Yeah, you probably already knew that. So what? Well, as one or two commentators have already observed, it's not everyone's idea of er, a good idea. Hill might be well liked by Coventry's beleaguered football fans, but, apart from thinking "nigger" is a humorous bit of football pitch banter, he's also notorious for his money-spinning tour of apartheid-era South Africa. Organising a tour of racially-segregated South Africa by a group of almost exclusively white British footballers isn't quite the "legendary" behaviour that seems to merit a road being re-named in your honour. Or so I think ...
At which point you're probably wondering why I'm going on about this on my tedious-as-hell music blog. Well ...
Well ... it's kind of obvious. Ask most non-Coventrians to name some famous descendants of the city and they'll soon come up with the Specials. Even football fans. Jerry Dammers, Terry Hall, 2-Tone: it's a huge part of the modern history of Coventry (I blogged about some of this earlier this year). Yes, OK, Hill helped make Coventry a moderately successful football club. Yes, they even, against the odds, won an FA Cup final (I was there). And perhaps understandably, as this once-fairly-big club slips into ever more precarious circumstances, the urge to memorialise a successful figure grows almost irresistible.
But, no. If you're going to start re-naming dull dual-carriageways in Coventry you should have a little sensitivity. The A444 (which I've been up and down thousands of times in my own oh-so-exciting lifetime) cuts a rude swathe through a part of northern Coventry with a particularly high concentration of people of South Asian descent. Did anyone ask them what they think of the Jimmy Hill Way proposal? Fine, maybe some are football fans and like the idea. Maybe they're not but don't care either way. Or maybe some recall that racism has been a real problem in Coventry and would rather that "legendary" football moguls like this one are not accorded some kind of civic hero status.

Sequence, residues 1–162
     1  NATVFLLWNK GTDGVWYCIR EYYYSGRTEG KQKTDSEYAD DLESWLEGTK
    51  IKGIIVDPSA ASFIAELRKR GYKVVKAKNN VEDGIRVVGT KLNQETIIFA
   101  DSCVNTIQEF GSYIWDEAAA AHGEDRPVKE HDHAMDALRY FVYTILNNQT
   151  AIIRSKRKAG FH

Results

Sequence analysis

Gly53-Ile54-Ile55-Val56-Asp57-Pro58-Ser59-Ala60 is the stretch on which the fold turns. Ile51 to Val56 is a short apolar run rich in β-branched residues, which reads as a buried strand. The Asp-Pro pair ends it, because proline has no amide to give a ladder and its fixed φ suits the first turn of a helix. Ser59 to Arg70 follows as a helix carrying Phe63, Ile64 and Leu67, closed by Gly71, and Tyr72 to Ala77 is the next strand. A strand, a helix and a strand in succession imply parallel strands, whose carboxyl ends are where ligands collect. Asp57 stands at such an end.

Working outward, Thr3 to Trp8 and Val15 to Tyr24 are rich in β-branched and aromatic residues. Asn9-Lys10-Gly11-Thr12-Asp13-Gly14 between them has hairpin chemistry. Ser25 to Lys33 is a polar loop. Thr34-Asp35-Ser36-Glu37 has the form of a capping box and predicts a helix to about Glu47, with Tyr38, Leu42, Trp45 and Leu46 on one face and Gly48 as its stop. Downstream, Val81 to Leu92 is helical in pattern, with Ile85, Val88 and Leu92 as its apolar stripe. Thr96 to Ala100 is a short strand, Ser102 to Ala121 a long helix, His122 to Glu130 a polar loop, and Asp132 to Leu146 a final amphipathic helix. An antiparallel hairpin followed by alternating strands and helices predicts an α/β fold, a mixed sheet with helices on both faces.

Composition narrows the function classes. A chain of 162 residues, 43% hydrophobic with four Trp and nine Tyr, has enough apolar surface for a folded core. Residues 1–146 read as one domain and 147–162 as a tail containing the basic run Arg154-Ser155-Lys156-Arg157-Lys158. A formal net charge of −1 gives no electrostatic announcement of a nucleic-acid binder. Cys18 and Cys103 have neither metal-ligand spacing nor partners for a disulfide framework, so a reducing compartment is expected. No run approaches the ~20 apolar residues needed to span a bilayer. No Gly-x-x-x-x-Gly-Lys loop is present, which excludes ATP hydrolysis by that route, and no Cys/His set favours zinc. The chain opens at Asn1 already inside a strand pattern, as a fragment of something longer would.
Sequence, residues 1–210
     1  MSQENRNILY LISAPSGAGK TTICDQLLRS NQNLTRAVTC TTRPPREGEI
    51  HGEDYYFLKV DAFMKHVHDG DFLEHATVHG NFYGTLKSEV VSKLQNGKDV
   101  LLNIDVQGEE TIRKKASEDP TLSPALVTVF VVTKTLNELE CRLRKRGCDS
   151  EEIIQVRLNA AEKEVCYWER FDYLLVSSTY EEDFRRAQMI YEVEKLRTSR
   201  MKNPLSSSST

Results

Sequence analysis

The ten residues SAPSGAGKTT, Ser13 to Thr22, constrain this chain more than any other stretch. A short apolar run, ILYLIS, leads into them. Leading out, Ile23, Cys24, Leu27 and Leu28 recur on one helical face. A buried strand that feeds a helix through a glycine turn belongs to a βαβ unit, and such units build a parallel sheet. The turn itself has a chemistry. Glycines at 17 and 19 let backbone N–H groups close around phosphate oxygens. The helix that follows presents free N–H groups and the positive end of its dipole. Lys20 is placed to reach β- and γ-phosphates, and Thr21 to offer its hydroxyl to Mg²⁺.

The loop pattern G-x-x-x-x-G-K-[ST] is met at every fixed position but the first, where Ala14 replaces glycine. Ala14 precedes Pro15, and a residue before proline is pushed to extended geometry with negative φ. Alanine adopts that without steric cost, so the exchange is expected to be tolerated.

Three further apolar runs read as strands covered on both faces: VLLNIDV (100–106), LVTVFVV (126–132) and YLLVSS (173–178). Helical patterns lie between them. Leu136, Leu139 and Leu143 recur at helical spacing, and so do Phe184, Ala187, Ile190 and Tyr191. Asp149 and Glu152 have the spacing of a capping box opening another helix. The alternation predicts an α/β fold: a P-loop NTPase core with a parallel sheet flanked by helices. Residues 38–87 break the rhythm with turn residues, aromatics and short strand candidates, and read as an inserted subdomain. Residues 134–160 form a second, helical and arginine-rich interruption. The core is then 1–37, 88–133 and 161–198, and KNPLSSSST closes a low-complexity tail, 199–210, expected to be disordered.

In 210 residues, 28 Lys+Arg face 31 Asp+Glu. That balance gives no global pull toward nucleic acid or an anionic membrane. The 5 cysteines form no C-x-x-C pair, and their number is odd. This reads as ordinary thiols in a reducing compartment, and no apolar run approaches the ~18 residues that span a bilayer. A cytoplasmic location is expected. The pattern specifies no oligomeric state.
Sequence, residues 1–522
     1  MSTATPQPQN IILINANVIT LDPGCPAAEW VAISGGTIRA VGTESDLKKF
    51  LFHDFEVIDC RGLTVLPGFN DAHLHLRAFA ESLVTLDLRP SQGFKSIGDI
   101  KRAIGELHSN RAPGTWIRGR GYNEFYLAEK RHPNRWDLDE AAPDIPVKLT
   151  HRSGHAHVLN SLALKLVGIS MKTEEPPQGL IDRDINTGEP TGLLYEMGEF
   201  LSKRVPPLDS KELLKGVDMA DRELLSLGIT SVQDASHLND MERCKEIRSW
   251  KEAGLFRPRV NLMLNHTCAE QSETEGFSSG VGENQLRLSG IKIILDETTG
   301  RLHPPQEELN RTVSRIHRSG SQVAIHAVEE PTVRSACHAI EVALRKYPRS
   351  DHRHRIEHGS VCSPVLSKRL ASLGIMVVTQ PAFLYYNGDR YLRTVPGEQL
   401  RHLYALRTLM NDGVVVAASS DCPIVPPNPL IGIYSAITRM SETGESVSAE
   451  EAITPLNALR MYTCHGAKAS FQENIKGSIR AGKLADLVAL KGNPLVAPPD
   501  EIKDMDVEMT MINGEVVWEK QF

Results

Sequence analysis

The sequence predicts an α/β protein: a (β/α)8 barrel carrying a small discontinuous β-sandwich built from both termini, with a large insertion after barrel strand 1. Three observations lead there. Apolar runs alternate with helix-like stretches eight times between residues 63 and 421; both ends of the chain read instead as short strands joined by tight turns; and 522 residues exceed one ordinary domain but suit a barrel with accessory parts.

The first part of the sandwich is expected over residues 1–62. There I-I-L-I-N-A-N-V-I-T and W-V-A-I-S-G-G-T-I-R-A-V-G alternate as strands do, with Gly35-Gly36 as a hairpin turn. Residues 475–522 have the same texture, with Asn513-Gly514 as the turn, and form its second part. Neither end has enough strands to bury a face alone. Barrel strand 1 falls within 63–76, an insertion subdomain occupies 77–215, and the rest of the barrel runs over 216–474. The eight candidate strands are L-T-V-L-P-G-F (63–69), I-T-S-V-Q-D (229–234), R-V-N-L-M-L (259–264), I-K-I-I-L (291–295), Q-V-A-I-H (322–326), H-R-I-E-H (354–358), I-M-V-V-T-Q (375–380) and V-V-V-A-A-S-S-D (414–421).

Given that Mahatma Gandhi's experience of racism in South Africa played a big part in his political consciousness, there's a not insignificant historical link between South Africa and some of the non-white residents who live in close proximity to Coventry City's football ground. Meanwhile, it was (of course) Jerry Dammers who wrote Free Nelson Mandela, that ubiquitous sing-alonger-er that became so associated with the UK's anti-apartheid movement of the 1980s.
Surely this is the legacy that Coventry City Council should be celebrating, not make-a-fast-buck footballers who tour racially-segregated countries.
Actually, it's not that I want Coventry to start renaming roads after musicians (Jerry Dammers Way, Neville Staple Street, Ghost Town Square, Do Nothing Road, Gangsters Close ...). Or that I want it to indulge in a splurge of touristy heritagisation of its music history (the Coventry Music Museum and 2-Tone Village are already doing that). I guess it comes back to priorities. Is football, with its many warts and all, such an important part of Coventry's history? Does the city's very long and complex multi-cultural history not matter rather more than a once-famous football manager who used to be on television on Saturday nights?
The Specials react to news of the renamed road
And so, with the ref about to blow his whistle, here's a last-gasp winner. As someone who's originally from Coventry and still there a lot, I'd like to declare an interest. I used to watch the odd Coventry City game in my mis-spent youth and also liked the Specials (and Fun Boy Three!). It's no contest. While the Specials, their amazing punk-ska sound and the multiracial 2-Tone legacy still matter in my life, football has been several-times-relegated (to a zone of life called "Scandals, big business and media hype").
Forget football. 2-Tone is as much a part of Coventry as its central ring road, its modernist pedestrianised shopping centre and its bombed-out cathedral. But what's that? You say you've been threatened by gangsters? Well, we're busy making new road signs. Call back later.